This story has been updated to include comments from an Avantra Biosciences official.
Avantra Biosciences has raised $7 million, the privately held company disclosed in a document filed with the US Securities and Exchange Commission this week.
The Woburn, Mass.-based protein array company said the funds raised were in the form of equity and will not be used for a merger, acquisition, exchange offer, or other business combination transaction. According to the filing, 49 private investors took part in the round.
Avantra was founded last year by Courtagen Capital Group to commercialize the assets of Decision Biomarkers, a protein biomarker technology firm that shuttered its business and filed for Chapter 7 bankruptcy in December 2009 (BAN 1/12/2010).
DBI was initially established as Clinical Microarrays in 2003. In 2005, it rechristened itself DBI when it launched its AvantraTQ400 Biomarker Workstation, a biochip-based immunoassay that enabled users to quantitate a panel of up to forty biomarkers per sample.
The research-use-only Avantra Biomarker Workstation consists of an assay-processing and fluorescence-imaging platform and disposable biochips that contain all the reagents required for performing multiplex biomarker assays.
"Courtagen Capital Group saw a unique opportunity in the DBI technology," Elizabeth Holland, vice president of human resources and business operations, told BioArray News this week. "DBI spent $30 million and 7 years developing a cutting-edge technology that was functional and producing exceptional results," she said. "Due to the economic climate DBI ran out of money pre-commercialization and were forced into bankruptcy."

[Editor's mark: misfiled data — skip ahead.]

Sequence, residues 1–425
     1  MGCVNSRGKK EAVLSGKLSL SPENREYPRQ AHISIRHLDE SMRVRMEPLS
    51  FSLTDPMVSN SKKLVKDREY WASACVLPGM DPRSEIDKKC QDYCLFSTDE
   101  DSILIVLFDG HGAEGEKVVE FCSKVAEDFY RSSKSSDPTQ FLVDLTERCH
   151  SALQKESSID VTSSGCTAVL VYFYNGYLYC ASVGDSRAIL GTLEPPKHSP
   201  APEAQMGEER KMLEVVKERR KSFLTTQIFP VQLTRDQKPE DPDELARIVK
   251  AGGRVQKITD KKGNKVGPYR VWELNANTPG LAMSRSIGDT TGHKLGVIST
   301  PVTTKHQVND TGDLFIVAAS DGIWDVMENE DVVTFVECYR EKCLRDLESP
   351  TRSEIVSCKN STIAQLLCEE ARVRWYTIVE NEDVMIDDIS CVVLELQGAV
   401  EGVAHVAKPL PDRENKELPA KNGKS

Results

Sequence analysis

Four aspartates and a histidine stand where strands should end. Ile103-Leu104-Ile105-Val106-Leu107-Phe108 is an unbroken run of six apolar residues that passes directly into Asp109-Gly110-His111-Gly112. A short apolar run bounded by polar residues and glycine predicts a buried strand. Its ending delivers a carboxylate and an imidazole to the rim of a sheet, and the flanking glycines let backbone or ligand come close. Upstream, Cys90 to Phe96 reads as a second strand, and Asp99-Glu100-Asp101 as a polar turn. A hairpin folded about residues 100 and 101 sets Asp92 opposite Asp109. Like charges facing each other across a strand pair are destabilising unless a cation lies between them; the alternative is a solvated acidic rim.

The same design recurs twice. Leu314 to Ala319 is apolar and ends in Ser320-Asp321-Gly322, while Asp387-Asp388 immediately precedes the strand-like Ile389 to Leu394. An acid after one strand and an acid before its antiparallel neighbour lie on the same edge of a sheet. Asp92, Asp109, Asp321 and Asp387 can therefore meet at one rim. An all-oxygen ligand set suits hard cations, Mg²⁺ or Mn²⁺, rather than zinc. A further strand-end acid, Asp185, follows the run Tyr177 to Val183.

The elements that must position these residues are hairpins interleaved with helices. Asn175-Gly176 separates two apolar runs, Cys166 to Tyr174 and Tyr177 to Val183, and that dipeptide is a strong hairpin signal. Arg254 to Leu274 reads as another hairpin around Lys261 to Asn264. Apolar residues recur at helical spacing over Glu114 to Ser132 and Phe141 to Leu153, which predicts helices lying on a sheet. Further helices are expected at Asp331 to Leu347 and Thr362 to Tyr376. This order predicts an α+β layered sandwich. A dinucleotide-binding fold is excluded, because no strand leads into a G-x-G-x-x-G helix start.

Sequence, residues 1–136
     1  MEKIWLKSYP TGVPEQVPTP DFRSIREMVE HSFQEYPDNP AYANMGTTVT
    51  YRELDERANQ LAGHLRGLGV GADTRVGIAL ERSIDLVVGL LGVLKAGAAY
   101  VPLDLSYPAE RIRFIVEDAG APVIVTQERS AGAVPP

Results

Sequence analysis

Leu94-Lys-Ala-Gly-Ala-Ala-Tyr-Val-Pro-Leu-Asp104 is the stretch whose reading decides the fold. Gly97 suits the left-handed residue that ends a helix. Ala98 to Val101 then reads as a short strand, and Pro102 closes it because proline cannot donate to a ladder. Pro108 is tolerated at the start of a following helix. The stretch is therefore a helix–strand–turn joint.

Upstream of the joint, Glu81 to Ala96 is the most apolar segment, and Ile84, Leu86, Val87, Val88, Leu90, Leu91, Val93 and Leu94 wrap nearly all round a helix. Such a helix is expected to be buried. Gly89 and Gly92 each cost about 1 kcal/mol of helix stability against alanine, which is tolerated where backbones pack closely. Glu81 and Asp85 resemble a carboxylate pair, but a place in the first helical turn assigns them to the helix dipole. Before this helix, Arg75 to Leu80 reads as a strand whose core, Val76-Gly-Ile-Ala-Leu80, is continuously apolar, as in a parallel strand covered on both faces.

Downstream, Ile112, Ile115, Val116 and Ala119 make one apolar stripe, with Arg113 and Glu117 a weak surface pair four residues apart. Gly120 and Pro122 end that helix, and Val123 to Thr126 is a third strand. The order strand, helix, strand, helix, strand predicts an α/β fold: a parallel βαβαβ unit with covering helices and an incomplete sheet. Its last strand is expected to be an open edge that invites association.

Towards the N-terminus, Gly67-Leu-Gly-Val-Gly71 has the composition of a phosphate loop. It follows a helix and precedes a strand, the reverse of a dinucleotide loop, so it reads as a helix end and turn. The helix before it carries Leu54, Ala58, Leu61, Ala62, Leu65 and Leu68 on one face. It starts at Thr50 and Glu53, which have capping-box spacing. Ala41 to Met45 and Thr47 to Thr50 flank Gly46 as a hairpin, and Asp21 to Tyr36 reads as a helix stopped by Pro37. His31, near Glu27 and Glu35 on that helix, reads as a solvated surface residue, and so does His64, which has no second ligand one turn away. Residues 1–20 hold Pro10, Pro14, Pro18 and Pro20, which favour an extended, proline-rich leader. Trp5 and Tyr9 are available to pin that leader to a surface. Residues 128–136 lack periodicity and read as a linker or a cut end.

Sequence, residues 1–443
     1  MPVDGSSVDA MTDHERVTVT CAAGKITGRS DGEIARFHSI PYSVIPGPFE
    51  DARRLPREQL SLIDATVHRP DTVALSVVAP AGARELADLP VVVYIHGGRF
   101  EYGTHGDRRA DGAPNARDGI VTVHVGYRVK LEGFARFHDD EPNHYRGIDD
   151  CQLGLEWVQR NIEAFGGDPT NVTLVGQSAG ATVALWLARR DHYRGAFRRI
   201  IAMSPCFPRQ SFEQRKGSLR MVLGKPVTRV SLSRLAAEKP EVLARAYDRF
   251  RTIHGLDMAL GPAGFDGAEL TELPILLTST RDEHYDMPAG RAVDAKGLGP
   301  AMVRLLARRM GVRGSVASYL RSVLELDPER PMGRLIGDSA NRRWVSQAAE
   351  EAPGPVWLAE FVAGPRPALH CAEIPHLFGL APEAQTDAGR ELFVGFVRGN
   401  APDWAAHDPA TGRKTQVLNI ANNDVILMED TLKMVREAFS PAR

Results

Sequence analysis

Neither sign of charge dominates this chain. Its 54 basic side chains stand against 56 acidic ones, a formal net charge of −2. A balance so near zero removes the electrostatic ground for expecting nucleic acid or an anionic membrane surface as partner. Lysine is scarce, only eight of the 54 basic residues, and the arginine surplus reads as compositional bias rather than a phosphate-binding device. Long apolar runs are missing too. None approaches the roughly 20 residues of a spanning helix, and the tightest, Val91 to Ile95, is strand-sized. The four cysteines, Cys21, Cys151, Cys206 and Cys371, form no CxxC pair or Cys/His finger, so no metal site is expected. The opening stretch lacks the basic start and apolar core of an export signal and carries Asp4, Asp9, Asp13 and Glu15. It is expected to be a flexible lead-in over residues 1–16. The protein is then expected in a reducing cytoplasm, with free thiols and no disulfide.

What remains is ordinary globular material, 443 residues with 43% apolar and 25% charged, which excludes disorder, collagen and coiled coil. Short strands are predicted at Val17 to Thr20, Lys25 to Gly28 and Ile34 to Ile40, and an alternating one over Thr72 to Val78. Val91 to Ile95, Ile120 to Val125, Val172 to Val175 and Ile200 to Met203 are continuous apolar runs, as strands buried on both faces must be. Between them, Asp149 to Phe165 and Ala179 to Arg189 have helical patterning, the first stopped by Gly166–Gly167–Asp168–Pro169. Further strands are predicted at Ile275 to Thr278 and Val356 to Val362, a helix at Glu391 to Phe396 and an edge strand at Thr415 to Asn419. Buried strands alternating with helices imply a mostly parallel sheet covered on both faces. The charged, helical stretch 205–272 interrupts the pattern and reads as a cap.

Avantra intends to continue selling the Avantra Biomarker Workstation, as well as two panels developed by DBI: a cytokine 8-plex panel for profiling markers related to inflammatory response, and an angiogenesis 10-plex panel for measuring angiogenesis factors.
Holland said that the company is planning to launch a retooled Avantra Biomarker Workstation as well as the cardiovascular panel in the first quarter of next year, with the angiogenesis panel to follow.
"Since purchasing the assets of Decision Biomarkers from bankruptcy, Avantra has been re-manufacturing and upgrading the existing product to accommodate a high market demand and unparallel performance," she said. "We will begin commercialization in Q1 2011."
The company is also developing new panels for use with the system. "We are currently evaluating the market needs to determine what additional panels will be launched," she said. Holland declined to elaborate.
In its SEC filing, Avantra listed its new management team, including Brian McKernan as its CEO, his brother Brendan McKernan as its president, and their father Richard McKernan as chairman of the board. Other principals named in the document are secretary John Altorelli and directors Stephen McLean, a founding partner in Merrill Lynch Capital Partners; Philip Chapman; and Richard Upton.
Brian McKernan was previously CEO of Beverly, Mass.-based Agencourt Bioscience, which was bought by Beckman Coulter for $140 million in 2005. He also co-founded Agencourt Personal Genomics, which was sold to Applied Biosystems in 2006 for $120 million.
Brendan McKernan served as chief operating officer at Agencourt, and Richard McKernan served as chairman of the board. Avantra director Stephen McLean was also an investor and director at Agencourt. The McKernans and McLean are managing partners of Charlestown, Mass.-based Courtagen Capital.
There is no connection between the new management team and DBI's management team, according to Holland. She added that Avantra has managed to retain some of DBI's employees.